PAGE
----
-  prp = ElementProperties(ContactTraction2DElement) +In the previous figure, the square was represented in 3D although the computation is performed in the generalized plane strain state.  The lateral movement of the left and right sides of the square is blocked A pressure $p$, identical in both cases, pushes the square against to contact tool (frictionless).  When the out-of-plane thickness of the square increasesas shown on the right, the resultat force created by the pressure increases due to the increase of the surface on which this pressure is applied.  Moreover, if the increase of the out-of-plane thickness is not taken into account in the contact interaction, i.e. in the computation of the area in contact, the increase of the resultat pressure force will increase the gap.  Hence, $\text{gap}_{1} < \text{gap}_{2}$ previously.  In the new version, $\text{gap}_{1} = \text{gap}_{2}$.  In fact, the gap should remain constant, if the contact pressure remains constant.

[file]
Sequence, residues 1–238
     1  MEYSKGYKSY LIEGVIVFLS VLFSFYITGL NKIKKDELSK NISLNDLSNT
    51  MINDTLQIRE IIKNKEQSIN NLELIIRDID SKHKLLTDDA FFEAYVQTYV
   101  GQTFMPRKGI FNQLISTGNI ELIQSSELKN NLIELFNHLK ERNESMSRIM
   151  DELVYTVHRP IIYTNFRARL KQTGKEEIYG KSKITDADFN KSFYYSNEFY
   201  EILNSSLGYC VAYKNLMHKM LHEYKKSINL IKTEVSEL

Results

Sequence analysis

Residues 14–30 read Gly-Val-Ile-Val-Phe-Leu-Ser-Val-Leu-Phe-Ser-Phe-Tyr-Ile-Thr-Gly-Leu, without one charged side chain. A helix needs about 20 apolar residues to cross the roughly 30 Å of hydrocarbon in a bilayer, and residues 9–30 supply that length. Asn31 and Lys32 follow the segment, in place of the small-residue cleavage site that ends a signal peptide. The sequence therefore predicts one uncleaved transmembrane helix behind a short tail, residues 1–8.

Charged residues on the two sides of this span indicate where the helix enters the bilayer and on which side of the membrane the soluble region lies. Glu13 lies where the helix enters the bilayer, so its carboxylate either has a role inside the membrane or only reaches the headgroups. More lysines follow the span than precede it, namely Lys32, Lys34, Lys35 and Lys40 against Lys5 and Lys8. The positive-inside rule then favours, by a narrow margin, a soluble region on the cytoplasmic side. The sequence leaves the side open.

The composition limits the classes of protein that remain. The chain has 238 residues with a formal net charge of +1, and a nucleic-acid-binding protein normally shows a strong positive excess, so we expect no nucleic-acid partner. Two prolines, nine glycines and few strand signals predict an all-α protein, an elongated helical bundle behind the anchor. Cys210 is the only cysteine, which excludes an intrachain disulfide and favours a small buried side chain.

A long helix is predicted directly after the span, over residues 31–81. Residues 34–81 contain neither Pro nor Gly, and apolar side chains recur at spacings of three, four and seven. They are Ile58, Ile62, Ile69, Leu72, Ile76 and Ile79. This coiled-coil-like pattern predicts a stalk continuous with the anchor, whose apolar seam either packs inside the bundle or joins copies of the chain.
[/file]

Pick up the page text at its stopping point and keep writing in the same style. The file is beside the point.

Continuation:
-  prp.put(PRESSURE, -p['pMax']) +
-   +
-Hence, if nodes in this ''ContactTraction2DElement'' are slave nodes in contact (in the previous mechanical iteration) in the contact interaction 3, the traction force applied to these nodes is set to zero.+
-===== File structure =====+===== Test case =====